Confidentiality Interview Questions
Use the below-given confidentiality interview questions during your recruitment process to find candidates who are careful in the office and know how to protect company’s confidential details and employees’ privacy.
Why should you assess candidates’ confidentiality skills?Confidentiality in the office space means keeping personnel matters and crucial business information private. Good confidentiality skills are essential for:
- HR Managers who maintain employee records like their salary, employees’ contracts and benefits.
- Finance professionals who manage compensation packages.
- Legal staff responsible for composing and maintaining classified agreements and documents.
- IT staff responsible for managing data privacy and internal communications.
- Senior Managers who are involved in strategic decisions and have access to sensitive employee and corporate information.
- Executive Assistant responsible for organizing managers’ schedules and take minutes during important meetings.
Confidentiality skills interview questions
- If mistakenly you receive an email with confidential data addressed to the CEO or HR Manager what would you do?
- If in a group meeting, a senior manager asks you about something confidential, like someone’s salary details. What would you do if there are people in the meeting who are not supposed to know this information?
- If a prospective client asks you to share a detailed roadmap (like new products and features) how would you respond?
- If there is a fire emergency and you have to leave documents with confidential data on your desk, what would you do?
- What is the best way to share confidential documents with your coworkers? Name the tools you use for sharing digital documents.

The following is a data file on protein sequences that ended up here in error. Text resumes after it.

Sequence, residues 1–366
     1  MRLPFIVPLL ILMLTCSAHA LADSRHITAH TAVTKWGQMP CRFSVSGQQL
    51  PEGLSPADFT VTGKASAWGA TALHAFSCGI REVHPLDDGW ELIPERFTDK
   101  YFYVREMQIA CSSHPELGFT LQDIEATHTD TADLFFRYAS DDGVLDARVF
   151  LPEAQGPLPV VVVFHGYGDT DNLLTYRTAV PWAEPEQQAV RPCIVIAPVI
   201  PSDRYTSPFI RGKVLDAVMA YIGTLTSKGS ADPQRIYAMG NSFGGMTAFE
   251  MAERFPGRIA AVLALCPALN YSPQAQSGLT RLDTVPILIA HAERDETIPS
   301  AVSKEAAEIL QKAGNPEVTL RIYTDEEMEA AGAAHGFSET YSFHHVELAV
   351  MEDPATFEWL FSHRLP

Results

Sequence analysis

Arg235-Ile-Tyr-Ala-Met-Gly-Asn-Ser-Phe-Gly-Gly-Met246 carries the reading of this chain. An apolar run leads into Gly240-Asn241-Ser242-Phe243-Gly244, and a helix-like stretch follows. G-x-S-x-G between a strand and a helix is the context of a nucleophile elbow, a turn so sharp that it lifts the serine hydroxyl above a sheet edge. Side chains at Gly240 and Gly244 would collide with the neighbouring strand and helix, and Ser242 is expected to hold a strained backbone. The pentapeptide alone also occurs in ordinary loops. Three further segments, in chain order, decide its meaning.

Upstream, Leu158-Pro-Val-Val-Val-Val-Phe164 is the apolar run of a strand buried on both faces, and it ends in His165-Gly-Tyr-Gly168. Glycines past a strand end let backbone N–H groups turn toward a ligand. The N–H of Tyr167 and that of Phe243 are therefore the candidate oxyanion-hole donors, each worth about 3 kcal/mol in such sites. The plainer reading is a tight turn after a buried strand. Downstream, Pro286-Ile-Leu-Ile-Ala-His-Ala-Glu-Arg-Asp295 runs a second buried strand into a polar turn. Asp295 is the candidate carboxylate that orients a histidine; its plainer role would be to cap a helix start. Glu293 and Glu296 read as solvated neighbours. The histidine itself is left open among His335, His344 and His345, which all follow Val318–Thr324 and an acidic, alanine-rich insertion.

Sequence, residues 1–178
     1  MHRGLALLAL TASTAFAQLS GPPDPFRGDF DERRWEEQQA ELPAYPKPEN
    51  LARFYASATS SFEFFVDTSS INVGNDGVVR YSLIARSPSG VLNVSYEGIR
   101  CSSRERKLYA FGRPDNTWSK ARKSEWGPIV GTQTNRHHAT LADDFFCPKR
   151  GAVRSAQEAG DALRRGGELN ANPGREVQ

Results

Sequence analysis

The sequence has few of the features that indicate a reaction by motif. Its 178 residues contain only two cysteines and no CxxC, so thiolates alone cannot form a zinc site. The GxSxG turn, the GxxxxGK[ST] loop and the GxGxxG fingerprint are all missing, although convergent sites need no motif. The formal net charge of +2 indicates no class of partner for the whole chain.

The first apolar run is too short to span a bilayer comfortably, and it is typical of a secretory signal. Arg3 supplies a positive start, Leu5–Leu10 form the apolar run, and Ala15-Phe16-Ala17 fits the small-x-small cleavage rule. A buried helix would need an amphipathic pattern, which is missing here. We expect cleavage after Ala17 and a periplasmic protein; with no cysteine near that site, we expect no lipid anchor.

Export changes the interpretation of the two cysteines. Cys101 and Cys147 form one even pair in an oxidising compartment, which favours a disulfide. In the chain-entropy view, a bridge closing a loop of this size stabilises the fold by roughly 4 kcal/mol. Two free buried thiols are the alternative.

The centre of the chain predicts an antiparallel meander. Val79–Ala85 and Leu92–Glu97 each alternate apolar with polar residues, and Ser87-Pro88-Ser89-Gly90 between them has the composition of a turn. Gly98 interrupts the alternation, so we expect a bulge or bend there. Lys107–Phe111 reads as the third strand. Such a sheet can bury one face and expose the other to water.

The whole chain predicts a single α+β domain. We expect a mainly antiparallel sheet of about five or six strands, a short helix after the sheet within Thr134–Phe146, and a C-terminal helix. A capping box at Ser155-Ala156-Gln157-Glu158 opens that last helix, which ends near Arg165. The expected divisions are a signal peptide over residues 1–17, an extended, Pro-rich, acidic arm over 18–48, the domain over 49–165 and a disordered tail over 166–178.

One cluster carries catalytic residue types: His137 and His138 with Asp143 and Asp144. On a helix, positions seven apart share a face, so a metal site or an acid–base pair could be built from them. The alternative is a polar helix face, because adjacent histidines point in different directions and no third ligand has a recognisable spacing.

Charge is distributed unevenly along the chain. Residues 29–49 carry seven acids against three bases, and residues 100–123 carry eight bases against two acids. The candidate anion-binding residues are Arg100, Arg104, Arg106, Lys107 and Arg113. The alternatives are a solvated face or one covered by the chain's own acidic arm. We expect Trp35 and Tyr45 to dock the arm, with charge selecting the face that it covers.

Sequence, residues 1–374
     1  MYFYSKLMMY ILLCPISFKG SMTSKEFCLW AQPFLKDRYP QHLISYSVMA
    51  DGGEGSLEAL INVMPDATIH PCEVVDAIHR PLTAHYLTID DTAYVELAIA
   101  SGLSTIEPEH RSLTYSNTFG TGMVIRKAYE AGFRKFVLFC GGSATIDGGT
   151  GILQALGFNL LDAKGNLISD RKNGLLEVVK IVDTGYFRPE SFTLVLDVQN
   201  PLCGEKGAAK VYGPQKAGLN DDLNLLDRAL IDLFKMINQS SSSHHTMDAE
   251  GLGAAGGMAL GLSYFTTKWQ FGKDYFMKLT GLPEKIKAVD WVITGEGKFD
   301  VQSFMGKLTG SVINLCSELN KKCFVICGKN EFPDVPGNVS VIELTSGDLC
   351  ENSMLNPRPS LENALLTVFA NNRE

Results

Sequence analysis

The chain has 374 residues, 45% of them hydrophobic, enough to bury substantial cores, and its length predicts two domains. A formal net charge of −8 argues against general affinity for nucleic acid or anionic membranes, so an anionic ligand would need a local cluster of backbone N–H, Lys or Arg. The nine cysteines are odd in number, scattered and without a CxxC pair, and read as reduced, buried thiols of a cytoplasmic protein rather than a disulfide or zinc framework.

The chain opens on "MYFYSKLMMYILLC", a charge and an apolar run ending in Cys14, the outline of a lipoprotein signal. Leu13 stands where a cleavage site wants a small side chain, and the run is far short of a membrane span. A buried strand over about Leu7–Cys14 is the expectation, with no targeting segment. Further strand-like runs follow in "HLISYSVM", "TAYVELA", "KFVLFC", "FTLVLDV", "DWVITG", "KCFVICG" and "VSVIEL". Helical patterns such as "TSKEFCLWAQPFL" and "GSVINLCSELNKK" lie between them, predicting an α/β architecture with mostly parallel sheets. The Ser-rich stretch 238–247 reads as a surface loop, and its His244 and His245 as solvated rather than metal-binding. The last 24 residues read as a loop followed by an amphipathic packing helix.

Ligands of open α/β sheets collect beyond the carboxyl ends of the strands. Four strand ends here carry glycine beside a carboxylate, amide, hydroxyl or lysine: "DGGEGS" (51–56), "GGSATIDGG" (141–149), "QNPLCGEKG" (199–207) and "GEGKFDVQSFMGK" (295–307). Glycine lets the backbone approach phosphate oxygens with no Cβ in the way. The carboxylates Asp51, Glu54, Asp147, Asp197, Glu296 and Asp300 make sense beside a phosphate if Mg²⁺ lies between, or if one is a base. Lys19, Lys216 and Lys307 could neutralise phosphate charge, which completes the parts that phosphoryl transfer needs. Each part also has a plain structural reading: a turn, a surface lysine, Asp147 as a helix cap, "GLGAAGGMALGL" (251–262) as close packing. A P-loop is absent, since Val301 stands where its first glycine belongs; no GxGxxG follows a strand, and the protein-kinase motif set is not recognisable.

- What would you tell to a team member who is interested in knowing about a coworker’s salary?
- During job fairs and events, how do you decide what you should and should not say to prospective clients about the company?
- How do you store historical employee records? (e.g. medical reports and employee contracts)
How to assess a candidate’s confidentiality skills during the interview?
During interviews, ask hypothetical scenarios that might occur on the job, instead of asking direct questions like “Can you maintain confidentiality at work?” These answers will help you know if candidates are:
Discreet: Being careless with personal or corporate matters can put colleagues in very weird situations and lead to legal risks for your company.
Ethical: Candidates with strong judgmental skills are able to determine what information is classified and who should have access to confidential data.
Professional: Employees who stay away from office gossips and respect co-workers’ privacy are more likely to handle confidential data with care.
If required, include short assessments to know how candidates deal with situations that require good confidentiality skills. For example:
- If you are recruiting executive assistants, ask them to organize an office. An ideal candidate will store agendas and classified documents in locked drawers.
- If you are recruiting IT Administrators, ask them to recommend cyber security applications. An ideal candidate will ask follow-up questions about your team and your requirements in order to suggest anti-virus, data encryption, and password management tools.
- If you are hiring HR Managers, ask them how they will respond to a sexual harassment complaint. Look for candidates who not just explain how they would investigate the matter, but also take steps to maintain the privacy of the coworker who lodged the complaint.
- They underestimate the importance of secure sharing and storage of confidential data: Especially candidates for IT department should be able to provide specific examples of tools to share and store data safely.
- They are secretive instead of discreet: Being confidential doesn’t mean disclosing nothing at all. Employees need to understand who can get access to which information and how to share it with them.
- They don’t know what constitutes confidential information: You can train employees on the procedures they have to follow when working with confidential data, given they already know what information is confidential. Knowledgeable candidates will be able to decide when to keep the information private.
- They are rude or unprofessional when declining data access requests: Maintaining confidentiality is one thing, but being able to softly decline access to the wrong person is equally important. Especially, HR staff and Senior Managers should be able to gently explain that they can’t share specific information.